Life has been so good these past two weeks. My small group came over for dinner on Friday night, friends came over for homemade yogurt on Saturday, I FINALLY climbed at Stone Summit, went on some runs (the weather is a bit cooler in the AM), heard the Vega Quartet play Beethoven’s String Quartet No. 7 and (last but not least) spent some quality time with Neil Gaiman on Friday and Saturday night.
But that’s not what I want to focus on for the rest of the blog post. I want to rewind to last weekend. I’ve been itching to write about last weekend’s trip to Bryson City, NC where I went whitewater kayaking with some other med students. Seven M1s and two M2s went on the trip. Right after our exam, we left for NC. Three hours later, we pulled up to our cabin. That night, Maddie and I slept in her tent. It was a wonderfully clear night so we didn’t put the fly up and we could see the sky and stars.
In the morning, we went to Dr. Eley’s cabin for pancakes. Y’all. Dr. Eley is living THE DREAM. He has a beautiful cabin that’s a mix of both modern and traditional. His cabin has wood-paneled ceilings, great big wooden beams, an old-fashioned fireplace, a comfortable modern kitchen, light-colored wood floors, white walls (one painted a faint blue), a mason jar chandelier (so hip), and best of all, a sun room with GIANT windows overlooking the forest surrounding his cabin. Wait. Revision. Best of all, 15 acres of farm land where he grows everything! Corn! Tomatoes! Watermelon! Canteloupe! Strawberries!
When we arrived, a soft sunlight lit up the cabin. Dr. Eley made blueberry pancakes that were fluffy and delicious. I ate 6 (no shame). Stepping into Dr. Eley’s cabin was like being wrapped in a blanket of calmness. He joked that hearing a car drive up the gravel was “an event.” I loved learning about how often he goes to his cabin: every weekend from spring to fall to garden and kayak. I still can’t wrap my head around how he has time to be an oncologist, a dean, AND a farmer and kayaker and everything else that he is. It was comforting to see in practice that physicians can cultivate and balance all these different parts of their lives.
After filling up on pancakes, we made our way over to the shop to get all the kayaking gear. Then we went out to the lake and learned some basic skills like how to wet exit a kayak, ask for a bow rescue, do a bow rescue, steer, and finally, how to roll a kayak. (I didn’t get the rolling until the second day.) In the afternoon, we kayaked a 2 mile stretch of the Nantahala. In the evening, Maddie and I went on a little run (all the hills!!) before we ate dinner, made s’mores, and bonded around the campfire. It rained that night and Maddie and I fell asleep to the sound of the storm.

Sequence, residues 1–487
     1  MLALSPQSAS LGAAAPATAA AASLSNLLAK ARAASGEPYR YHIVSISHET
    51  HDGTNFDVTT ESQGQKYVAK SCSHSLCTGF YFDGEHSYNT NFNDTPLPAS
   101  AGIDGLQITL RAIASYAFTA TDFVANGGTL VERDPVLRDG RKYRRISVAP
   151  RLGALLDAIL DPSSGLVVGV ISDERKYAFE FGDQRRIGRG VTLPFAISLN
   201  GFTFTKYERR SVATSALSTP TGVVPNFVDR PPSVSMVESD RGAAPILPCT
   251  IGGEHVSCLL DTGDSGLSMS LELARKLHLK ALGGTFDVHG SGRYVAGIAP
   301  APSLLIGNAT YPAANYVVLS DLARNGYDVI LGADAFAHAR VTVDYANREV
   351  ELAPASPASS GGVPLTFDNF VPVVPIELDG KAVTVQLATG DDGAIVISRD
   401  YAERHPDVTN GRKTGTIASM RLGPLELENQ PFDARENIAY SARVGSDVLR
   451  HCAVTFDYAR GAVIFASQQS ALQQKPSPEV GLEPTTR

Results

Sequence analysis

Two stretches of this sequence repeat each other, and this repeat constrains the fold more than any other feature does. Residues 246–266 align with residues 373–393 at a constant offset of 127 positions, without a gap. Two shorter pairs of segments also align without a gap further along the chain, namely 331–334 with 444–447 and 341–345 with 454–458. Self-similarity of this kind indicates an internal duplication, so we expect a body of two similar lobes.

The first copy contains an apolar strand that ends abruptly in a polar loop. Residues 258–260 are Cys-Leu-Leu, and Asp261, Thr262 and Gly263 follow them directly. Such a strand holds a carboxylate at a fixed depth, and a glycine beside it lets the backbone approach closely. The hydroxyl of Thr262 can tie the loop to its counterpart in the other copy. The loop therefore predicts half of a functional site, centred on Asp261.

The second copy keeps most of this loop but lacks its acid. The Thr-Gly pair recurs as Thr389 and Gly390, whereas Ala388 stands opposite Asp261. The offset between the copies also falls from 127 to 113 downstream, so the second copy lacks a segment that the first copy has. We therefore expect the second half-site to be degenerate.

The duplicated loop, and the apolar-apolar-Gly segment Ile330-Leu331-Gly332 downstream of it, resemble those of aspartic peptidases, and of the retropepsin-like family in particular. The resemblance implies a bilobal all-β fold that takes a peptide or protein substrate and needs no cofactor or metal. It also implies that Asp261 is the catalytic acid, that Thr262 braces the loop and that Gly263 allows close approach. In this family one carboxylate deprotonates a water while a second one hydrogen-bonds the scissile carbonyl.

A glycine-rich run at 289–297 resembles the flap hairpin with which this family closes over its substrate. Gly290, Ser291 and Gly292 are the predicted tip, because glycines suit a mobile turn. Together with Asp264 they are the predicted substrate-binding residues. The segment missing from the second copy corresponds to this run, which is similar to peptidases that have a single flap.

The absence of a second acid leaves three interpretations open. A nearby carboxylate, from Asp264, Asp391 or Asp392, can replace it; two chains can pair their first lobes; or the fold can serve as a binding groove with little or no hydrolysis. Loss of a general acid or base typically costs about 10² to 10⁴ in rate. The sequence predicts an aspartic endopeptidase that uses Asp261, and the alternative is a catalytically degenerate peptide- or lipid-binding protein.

On Sunday, we went back to the lake to practice our kayaking skills before we went down a 5 mile stretch of the Nantahala. It was a beautiful day-the sun shined through the trees and glinted off the water. At the end, we had the option to go down the class 3 rapid. As we went down, we were supposed to eddy out and wait for our guide, Juliette, to go first. Unfortunately the current swept me too far too fast. I grabbed onto a rock in an attempt to turn my kayak back upstream and paddle into the eddy. Instead, when I turned upstream, I saw a raft full of screaming 11 and 12 year old girls heading straight for my kayak. They hit me (I leaned into the rock). After they hit me, I lost my grip on the rock and proceeded to go down the rapids backwards. And then I flipped. I wet-exited and grabbed onto a rope. It was quite a sight to see a giant raft full of screaming girls barreling toward me.